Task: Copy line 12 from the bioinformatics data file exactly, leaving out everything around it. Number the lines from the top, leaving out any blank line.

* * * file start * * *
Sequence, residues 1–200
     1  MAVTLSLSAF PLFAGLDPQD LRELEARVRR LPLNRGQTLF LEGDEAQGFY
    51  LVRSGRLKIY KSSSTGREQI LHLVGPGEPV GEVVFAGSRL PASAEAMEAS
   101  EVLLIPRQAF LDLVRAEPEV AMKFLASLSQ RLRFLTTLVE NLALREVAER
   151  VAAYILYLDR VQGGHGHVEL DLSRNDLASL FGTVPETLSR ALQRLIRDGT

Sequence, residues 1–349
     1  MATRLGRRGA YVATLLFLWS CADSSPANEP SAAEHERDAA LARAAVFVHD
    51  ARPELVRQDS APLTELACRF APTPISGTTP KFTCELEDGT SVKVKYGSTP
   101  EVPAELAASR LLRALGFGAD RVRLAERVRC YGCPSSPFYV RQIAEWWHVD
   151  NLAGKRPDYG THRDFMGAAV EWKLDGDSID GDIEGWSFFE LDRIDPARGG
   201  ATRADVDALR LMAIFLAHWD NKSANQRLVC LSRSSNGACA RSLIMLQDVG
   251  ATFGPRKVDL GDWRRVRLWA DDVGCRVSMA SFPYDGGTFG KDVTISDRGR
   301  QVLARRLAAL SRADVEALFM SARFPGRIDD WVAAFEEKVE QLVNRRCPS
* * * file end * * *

   251  ATFGPRKVDL GDWRRVRLWA DDVGCRVSMA SFPYDGGTFG KDVTISDRGR